"Catch if you can your country's moment": The Poetry of Current Events, NeMLA, Mar. 17-20, 2016, Hartford. Proposals by Sept. 30

updated: 
Thursday, August 6, 2015 - 1:04pm
William Waddell

If literature is, as Pound said, "news that stays news," then perhaps poetry is always a matter of current events, but recently, books like Claudia Rankine's Citizen or Brian Turner's Here, Bullet, to name just two, have taken on contemporary public moments, current events in common parlance, and in the process sparked a different kind of conversation.

[UPDATE] Words Unofficial: Gossip, Circulation, Mediation (Nov 19-20, 2015)

updated: 
Thursday, August 6, 2015 - 8:37am
University of Chicago English Graduate Conference

CALL FOR PAPERS: UPDATE

Words Unofficial: Gossip, Circulation, Mediation
University of Chicago English Graduate Conference
November 19-20, 2015

Keynote Speaker: Prof. Susan Phillips, Northwestern University
Associate Professor of English and Alumnae of Northwestern Teaching Professor

Faculty Roundtable:
-Prof. Natasha Barnes, University of Illinois at Chicago
Associate Professor of African American Studies and English

-Prof. Peter Coviello, University of Illinois at Chicago
Professor of English

-Prof. Patrick Jagoda, University of Chicago
Assistant Professor of English

-Prof. Lynn Spigel, Northwestern University
Frances Willard Professor of Screen Cultures

mirorview journal, international journal of fresh poetry,fiction and related articles-update

updated: 
Wednesday, August 5, 2015 - 3:07am
mirrorview journal

mirrorview journal: An International Journal of Fresh Poetry, Fiction and Literary Criticism

About Mirrorview Journal
The journal is an international contemporary journal of fresh poetry, articles and fiction. It strives to publish the best. It will be published quarterly with ISSN/ISBN number. For further details visit us at http://mirrorviewjournal.blogspot.in or mirrorviewjournal.blogspot.in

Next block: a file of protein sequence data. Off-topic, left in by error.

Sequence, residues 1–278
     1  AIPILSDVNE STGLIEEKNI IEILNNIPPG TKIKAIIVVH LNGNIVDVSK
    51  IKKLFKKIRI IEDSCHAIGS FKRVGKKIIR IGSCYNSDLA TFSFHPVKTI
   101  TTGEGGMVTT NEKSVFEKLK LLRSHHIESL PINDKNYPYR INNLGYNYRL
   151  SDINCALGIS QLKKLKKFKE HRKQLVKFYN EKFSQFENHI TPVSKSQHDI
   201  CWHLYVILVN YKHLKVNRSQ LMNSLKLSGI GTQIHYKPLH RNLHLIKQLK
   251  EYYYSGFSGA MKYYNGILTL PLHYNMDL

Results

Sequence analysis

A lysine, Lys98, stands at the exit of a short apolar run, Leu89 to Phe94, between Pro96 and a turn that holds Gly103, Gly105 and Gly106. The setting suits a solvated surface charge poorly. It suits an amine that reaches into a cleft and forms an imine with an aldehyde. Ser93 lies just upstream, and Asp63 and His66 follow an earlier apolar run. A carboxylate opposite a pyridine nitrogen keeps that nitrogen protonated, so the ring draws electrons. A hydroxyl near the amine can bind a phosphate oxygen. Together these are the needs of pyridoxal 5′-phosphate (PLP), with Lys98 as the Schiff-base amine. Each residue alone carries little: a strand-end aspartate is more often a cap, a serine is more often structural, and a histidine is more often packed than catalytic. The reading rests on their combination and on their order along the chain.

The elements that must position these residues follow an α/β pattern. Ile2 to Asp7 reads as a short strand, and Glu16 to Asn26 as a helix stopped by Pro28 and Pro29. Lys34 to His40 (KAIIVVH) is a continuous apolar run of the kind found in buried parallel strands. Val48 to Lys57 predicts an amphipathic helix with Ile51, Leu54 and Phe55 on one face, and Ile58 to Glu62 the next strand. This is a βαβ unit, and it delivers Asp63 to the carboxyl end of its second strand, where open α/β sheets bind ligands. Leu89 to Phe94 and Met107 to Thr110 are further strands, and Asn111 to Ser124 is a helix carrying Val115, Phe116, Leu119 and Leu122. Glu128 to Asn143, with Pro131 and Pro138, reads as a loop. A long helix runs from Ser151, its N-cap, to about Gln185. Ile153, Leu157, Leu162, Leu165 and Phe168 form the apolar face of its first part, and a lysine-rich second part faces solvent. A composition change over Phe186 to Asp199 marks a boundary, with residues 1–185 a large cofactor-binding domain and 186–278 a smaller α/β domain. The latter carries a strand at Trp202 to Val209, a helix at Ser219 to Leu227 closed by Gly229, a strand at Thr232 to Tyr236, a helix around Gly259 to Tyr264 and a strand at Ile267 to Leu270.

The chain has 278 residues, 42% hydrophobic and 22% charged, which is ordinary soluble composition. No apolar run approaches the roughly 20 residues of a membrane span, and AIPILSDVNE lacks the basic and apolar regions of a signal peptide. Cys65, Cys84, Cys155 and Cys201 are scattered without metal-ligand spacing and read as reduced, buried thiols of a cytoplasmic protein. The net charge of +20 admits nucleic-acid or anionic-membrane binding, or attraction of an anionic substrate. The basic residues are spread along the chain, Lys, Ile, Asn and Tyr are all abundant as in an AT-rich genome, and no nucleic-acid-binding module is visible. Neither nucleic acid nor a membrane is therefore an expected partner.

Washington and Politics on Contemporary US Television (Edited Collection)

updated: 
Tuesday, August 4, 2015 - 5:19pm
Betty Kaklamanidou - Margaret Tally

Washington and Politics on Contemporary US Television (Edited Collection)

We are currently inviting submissions for 2-3 chapters for an edited collection on Washington and Politics on Contemporary US Television.

Television has been accommodating a bigger number of political narratives in the last years. From the dramatic "The West Wing," "Scandal," "Madame Secretary," "Homeland," "House of Cards," to the short-lived yet impressive "Boss," and "Commander in Chief" and the mini-series "Political Animals," as well as the comedic "Veep" and "The Brink," millennial TV is fraught with political plot lines that are edgier and more provocative than their filmic counterparts.

Fairy Tales in Society and Culture

updated: 
Tuesday, August 4, 2015 - 1:56pm
NEMLA

This panel session will feature the manner in which fairy tales reflect and influence values and ideals of their respective society and culture. In The Uses of Enchantment: The Meaning and Importance of Fairy Tales, Bruno Bettelheim emphasizes on how the fairy tale that an individual has read or listened to during childhood impacts him/her both consciously and subconsciously throughout life.